India’s retail inflation dropped to 6.26 per cent in the month of June, according to the data released by the Ministry of Statistics & Programme Implementation (MoSPI) on Monday. The inflation stayed over and above the Reserve Bank of India’s (RBI) threshold of 6 per cent. The inflation climbed to 6.30% in May, highest in the last six months. This was mainly due to surge in fuel prices and food items last month.
Inflation based on Consumer Price Index (CPI) remained high due to surge in petrol, diesel prices and costlier food items. Food inflation increased to 5.15 per cent in June from 5.01 per cent in May. Vegetables inflation fall to -0.7% in June on a monthly basis. Housing inflation stayed at 3.75 per cent in this month. Pulses inflation increased 10.1% month-on-month basis. Clothing and footwear inflation increased to 6.21 per cent in June. ‘Fuel and light’ inflation stayed high at 12.68 per cent during the month.
“It has been some time since persistent inflationary trend on account of elevated global commodity prices and increasing oil prices are reflecting on domestic items too. In particular, high petroleum product price is exerting upward pressure on transport, food and other items in domestic consumption basket that has seen a sharp price rise in recent periods. This is the second consecutive month when the consumer inflation level at 6.3% YoY in June 2021 is above RBI’s comfort zone of up to 6% YoY and hence a cause for attention," said Vivek Rathi, director research, Knight Frank India.
“Overall, The June print is a positive surprise and should augur well for the inflation estimates ahead, and could also push the inflation average for the year near RBI’s average if the momentum remains tamed. We remain watchful of pass through of impending cost push pressures in core goods inflation, while re-opening-led ensuing demand revival in select contact-sensitive household services could pressure core services inflation ahead. However, MPC may still choose to look through the spike in inflation in the near term, with the monetary reaction function currently hinging more on growth revival becoming sustainable," said Madhavi Arora, lead economist, Emkay Global Financial Services.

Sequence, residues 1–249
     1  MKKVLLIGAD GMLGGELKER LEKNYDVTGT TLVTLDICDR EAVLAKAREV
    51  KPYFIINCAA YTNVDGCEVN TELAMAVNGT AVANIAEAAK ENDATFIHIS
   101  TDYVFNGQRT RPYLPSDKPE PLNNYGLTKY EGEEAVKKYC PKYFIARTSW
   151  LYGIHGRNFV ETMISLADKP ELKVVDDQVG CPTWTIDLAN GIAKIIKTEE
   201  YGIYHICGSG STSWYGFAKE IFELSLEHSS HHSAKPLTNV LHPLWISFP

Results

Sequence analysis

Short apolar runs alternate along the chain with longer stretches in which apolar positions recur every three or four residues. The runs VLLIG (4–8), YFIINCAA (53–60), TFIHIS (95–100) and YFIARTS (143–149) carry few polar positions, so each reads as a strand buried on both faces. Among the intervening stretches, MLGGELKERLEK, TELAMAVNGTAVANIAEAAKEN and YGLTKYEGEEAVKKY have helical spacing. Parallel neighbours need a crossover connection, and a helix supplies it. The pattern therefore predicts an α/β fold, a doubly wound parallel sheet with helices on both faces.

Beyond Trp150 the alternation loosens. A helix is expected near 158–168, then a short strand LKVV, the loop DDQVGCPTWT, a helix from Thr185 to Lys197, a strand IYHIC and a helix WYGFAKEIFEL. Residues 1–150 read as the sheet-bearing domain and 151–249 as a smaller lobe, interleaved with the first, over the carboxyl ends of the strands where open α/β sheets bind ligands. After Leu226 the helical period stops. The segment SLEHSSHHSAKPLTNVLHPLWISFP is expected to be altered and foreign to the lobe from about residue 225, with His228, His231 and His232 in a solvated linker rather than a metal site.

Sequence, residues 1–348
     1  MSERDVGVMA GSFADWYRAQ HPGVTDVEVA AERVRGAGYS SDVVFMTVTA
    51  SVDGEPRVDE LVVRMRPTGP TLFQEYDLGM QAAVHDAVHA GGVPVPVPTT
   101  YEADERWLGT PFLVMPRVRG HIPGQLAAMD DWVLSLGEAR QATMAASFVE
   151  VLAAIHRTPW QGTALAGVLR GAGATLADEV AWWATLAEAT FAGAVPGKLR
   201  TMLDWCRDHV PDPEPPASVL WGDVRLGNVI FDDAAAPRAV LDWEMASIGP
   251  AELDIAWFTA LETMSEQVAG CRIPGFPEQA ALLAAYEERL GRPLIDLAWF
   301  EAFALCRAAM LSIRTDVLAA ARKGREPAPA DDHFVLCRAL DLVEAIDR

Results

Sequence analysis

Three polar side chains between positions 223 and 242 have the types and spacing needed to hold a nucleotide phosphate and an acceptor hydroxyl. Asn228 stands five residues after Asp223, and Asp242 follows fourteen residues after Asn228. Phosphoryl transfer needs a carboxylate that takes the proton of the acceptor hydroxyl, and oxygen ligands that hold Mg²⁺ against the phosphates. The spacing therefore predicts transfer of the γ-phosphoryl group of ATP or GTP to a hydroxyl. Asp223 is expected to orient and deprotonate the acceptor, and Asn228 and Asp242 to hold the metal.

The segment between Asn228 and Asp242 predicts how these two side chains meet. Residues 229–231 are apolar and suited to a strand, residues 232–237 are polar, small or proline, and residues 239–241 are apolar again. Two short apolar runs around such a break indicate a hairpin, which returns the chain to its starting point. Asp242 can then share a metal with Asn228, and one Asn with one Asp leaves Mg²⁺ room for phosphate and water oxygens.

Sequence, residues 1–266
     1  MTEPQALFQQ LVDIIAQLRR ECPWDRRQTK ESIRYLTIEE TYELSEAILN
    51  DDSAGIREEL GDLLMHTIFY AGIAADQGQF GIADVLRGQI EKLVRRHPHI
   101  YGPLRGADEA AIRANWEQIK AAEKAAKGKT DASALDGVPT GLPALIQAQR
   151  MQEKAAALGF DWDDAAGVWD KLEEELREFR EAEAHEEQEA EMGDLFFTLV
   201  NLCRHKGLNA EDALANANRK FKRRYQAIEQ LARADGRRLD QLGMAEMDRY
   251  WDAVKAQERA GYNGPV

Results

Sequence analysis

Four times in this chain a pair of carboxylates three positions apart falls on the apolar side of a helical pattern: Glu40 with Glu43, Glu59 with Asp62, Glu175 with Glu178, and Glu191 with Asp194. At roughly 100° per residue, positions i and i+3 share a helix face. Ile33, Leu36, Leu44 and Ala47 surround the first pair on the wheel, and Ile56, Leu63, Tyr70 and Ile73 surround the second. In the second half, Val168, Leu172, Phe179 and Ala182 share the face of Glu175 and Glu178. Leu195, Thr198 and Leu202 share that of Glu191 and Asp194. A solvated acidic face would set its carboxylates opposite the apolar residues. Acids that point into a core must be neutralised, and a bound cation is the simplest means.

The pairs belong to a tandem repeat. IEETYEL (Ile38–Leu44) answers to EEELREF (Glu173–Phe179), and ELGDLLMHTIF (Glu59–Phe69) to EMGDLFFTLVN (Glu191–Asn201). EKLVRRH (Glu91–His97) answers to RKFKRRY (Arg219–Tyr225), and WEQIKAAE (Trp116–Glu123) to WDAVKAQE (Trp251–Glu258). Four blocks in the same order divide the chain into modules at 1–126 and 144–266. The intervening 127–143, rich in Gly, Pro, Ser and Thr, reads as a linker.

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The Industrial output for the month of May rose 29.3 per cent due to a low-base effect, according to the data revealed by ministry. Almost all the sectors under the IIP category registered a sharp growth in May. “In case of IIP, the base effect of the stringent national lockdown last year continues to reflect on the 29.3% YoY growth seen in May 2021. Recently announced fiscal stimulus measures for the supply side will support industry to come out of the second wave impact. However, only sustainable revival in consumption demand can ensure improved production capacity utilisation to reflect upon IIP trends. Albeit with the disturbance of base effect, there are some early signs on improvement but impending third wave is keeping market participants on tenterhook,” Rathi added.
The government has asked the central bank to maintain retail inflation at 4 per cent with a margin of 2 per cent on either side for a five-year period ending March 2026. The RBI has projected the CPI inflation at 5.1 per cent during the ongoing financial year 2021-22.